The University of Pittsburgh values the safety and health of all members of the Pitt community and seeks to foster an environment in which its students and employees treat other persons with respect, civility, and dignity. Any behavior that involves sexual assault or harassment, relationship violence, or stalking of another person is prohibited.
If substantiated, such behavior may result in criminal charges if reported to the Pitt Police Department and/or University disciplinary action if the Office of Student Conduct or the Title IX coordinator in the Office of Affirmative Action, Diversity, and Inclusion investigates a complaint or referral. The University will use these processes to investigate and resolve reports of sexual assault or harassment, relationship violence, and stalking. In cases involving sexual violence, the University understands that victims often times seek confidentiality and will attempt to honor such a request in most cases. However, the University will weigh such a request for confidentiality against any factors that may have a negative impact on the campus community, such as the use of a weapon or multiple alleged victims.
Accused students or employees should know that the initiation of any University proceedings does not preclude the possibility of criminal charges. Indeed, parallel University and criminal proceedings are not uncommon.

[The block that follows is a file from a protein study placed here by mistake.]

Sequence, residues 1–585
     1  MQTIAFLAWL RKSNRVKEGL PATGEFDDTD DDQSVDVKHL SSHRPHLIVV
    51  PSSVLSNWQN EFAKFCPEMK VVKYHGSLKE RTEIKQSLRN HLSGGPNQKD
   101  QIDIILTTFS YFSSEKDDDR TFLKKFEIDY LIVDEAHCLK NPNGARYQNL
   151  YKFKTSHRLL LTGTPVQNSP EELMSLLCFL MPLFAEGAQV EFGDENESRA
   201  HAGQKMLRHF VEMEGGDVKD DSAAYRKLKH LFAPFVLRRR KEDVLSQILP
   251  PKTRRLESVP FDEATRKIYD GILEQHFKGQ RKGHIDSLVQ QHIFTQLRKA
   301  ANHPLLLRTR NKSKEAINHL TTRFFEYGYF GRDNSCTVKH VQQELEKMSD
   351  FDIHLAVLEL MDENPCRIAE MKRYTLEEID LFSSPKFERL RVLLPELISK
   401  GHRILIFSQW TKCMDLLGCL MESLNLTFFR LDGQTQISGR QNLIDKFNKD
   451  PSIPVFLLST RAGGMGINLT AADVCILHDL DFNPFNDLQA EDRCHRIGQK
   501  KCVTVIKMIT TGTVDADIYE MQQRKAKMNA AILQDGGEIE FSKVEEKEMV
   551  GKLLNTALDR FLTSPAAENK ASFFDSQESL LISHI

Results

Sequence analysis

In addition to using these processes, the University will continue to engage in prevention programs and training for students, faculty, and staff in an effort to prevent sexual assault and harassment, relationship violence, and stalking. Pitt's Office of Sexual Harassment and Assault Response and Education (SHARE) provides counseling to victims of sexual assault, assists victims in obtaining medical care, and offers support in all aspects of the recovery process. Under
the direction of Mary Koch Ruiz, the office also coordinates the University's educational programs and active approach to preventing sexual assault on campus.
Following are key definitions and a summary of the University's efforts related to prevention, resources, reporting, and the disciplinary processes available to victims of sexual assault, relationship violence, and stalking. More detailed information about these programs, processes, and procedures can be found in the Student Code of Conduct and the Employee Handbook.
The following is a summary of important definitions related to sexual assault and relationship violence. View all legal or technical definitions in Chart I or Chart II.
Sexual Assault is a term that encompasses rape, forcible fondling, incest, and statutory rape. In Pennsylvania, sexual assault also is a separate statute defined as sexual intercourse or deviate sexual intercourse without the complainant's consent.
Relationship Violence refers to domestic and dating violence.
Stalking means engaging in acts toward another person with the intent to place the person in reasonable fear of bodily injury or cause emotional distress.*
Consent is an informed, affirmative decision made freely and actively by all parties to engage in mutually acceptable sexual activity. Consent is given by clear words or actions and may not be inferred from silence, passivity, or lack of resistance alone. Existence of a current or previous